How Privacy Advocates Respond to Piracy Hawks: a rudimentary analysis on public salience

It makes sense that the salience of these two issues would be related. Anti-piracy laws and countermeasures tend to violate traditional privacy norms – indeed they are perhaps the biggest threat to our online privacy these days. The Google insight chart below shows the relative volume of ‘privacy’ and ‘piracy’ in news headlines since 2008. What we see here is that often after an upward blip in the public salience of piracy, there is a corresponding upward blip in the public salience of privacy (there are, however, spikes in privacy that are seemingly unrelated to piracy salience). This fits with […]

Network Effects–We Missed the Inframarginals

When discussing the internet, the economic concept that seems to have made the largest dispersion into popular discourse is the concept of ‘network effects’. “Facebook  is unconquerable because of positive network externalities.” “Product X must reach the tipping point so that network effects can take over,” etc. This sub-field is often treated as if it is more-or-less mature (and it may well be), but there is a serious theoretical ambiguity within the economic literature about exactly what a network effect is based upon. The original incarnation of the term deals with a good whose value increases as the number of […]

Losing a Grip on Your Facebook Account? You’re Not the Only One

Having a Facebook page is becoming more and more of a liability. Surely we’ve heard it all before, though. Journalists, authors, bloggers, and even occasionally incredulous Masters’ students love talking about the potential negative Facebook effects, from loss of self-esteem to increased anxiety or jealousy. But there’s a much more tangible one: you can be expelled or not hired based on what is posted on your Facebook wall. This is hardly a newsflash depending on how jaded you are about invasions of privacy, but the situation has gotten worse. In 2009, the University of Oxford’s student population discovered that their […]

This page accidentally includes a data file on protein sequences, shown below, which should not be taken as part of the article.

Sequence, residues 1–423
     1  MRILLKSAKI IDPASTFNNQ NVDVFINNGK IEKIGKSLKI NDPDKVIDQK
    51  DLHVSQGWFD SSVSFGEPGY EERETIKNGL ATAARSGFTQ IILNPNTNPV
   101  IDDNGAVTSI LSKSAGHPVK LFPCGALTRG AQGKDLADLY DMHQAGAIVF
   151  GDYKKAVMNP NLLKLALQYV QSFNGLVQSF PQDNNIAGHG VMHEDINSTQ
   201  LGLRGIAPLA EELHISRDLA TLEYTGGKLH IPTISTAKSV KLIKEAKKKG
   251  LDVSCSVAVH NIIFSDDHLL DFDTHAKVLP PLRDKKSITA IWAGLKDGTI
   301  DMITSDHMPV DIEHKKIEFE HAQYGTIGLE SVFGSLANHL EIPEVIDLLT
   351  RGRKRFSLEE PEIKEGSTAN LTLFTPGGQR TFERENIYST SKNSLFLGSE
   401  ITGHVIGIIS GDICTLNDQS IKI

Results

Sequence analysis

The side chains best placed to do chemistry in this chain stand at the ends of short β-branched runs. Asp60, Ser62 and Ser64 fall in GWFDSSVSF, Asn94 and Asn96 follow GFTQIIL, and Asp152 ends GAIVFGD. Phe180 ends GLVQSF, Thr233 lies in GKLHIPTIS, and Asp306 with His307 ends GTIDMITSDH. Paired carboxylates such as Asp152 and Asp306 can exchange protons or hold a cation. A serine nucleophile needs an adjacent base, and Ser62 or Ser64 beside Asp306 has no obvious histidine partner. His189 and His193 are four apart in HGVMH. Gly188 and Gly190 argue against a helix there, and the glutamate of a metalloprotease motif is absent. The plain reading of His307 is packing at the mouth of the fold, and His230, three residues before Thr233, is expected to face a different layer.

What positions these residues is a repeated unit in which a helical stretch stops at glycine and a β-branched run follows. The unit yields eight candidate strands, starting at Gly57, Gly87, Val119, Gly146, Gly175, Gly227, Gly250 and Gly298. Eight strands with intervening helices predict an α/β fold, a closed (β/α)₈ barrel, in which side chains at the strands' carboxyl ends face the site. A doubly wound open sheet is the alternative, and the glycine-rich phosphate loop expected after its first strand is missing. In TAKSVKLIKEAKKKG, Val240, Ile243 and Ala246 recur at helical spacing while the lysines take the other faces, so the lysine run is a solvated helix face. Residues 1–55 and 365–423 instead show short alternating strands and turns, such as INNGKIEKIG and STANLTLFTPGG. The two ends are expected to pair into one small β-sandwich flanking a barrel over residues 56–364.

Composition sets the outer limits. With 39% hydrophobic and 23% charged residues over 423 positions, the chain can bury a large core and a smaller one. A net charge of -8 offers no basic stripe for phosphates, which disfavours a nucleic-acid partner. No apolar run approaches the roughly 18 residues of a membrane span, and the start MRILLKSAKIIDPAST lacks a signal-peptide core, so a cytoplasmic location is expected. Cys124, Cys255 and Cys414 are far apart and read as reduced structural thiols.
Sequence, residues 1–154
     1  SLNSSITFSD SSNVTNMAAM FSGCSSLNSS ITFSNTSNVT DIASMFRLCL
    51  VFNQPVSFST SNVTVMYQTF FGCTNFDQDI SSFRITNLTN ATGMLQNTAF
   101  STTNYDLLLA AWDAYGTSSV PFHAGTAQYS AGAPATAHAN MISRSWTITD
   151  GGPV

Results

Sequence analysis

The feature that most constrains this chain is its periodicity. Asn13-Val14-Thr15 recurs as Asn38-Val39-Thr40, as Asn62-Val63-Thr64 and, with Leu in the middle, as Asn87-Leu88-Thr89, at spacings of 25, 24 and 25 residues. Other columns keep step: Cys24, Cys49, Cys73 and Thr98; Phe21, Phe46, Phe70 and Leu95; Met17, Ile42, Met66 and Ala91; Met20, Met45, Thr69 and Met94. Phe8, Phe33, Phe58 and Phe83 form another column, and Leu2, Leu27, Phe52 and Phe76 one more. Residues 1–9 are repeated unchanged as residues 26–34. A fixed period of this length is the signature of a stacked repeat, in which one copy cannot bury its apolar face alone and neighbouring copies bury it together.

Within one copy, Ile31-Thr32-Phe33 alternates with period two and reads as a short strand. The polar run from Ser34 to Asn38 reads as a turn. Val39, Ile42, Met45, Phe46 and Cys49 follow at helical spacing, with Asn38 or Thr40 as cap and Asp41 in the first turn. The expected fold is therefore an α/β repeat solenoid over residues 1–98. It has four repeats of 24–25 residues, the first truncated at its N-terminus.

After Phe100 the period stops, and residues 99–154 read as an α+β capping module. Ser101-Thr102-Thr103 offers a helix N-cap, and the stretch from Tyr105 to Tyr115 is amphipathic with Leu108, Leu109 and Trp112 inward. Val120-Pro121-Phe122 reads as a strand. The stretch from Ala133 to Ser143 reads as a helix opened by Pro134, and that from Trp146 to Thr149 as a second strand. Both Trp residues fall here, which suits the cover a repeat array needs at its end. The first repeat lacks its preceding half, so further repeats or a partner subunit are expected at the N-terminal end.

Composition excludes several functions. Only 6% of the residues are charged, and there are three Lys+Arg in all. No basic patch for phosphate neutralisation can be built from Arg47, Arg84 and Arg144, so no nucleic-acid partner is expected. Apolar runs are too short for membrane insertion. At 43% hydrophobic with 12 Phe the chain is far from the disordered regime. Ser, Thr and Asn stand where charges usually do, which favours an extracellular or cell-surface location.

What Privacy Advocated DO Get About Data Tracking on the Web

This post is a clarification of some recent work I have done, which I think has been taken in slightly a different manner than I intended it. The clarification is substantive. I wrote a piece recently for The Atlantic entitled, “It’s Not All About You: What Privacy Advocates Don’t Get About Data Tracking on the Web.” The thesis of this piece was, essentially, the power that massive user and behavioral data gives private corporation (and the asymmetry between them and everyone else) is more important ramification of this new ecology than any individual level breech of personal information. Creepily targeted […]

Free Speech in Databases: Martians on Facebook

The European Data Protection Directive contains a list of seven principles governing recommendations on protecting personal data. One of them–‘access’–includes the right to view data being held about us and correct them if they are wrong. The purpose of this is to ensure that data about me are not used in contexts that I do not want them used in. It allows me to complete incomplete information and correct mischaracterizations of my character that I would consider damaging if they were viewed and/or used by someone. Say, for instance, that someone had a database with my gender written down incorrectly. I […]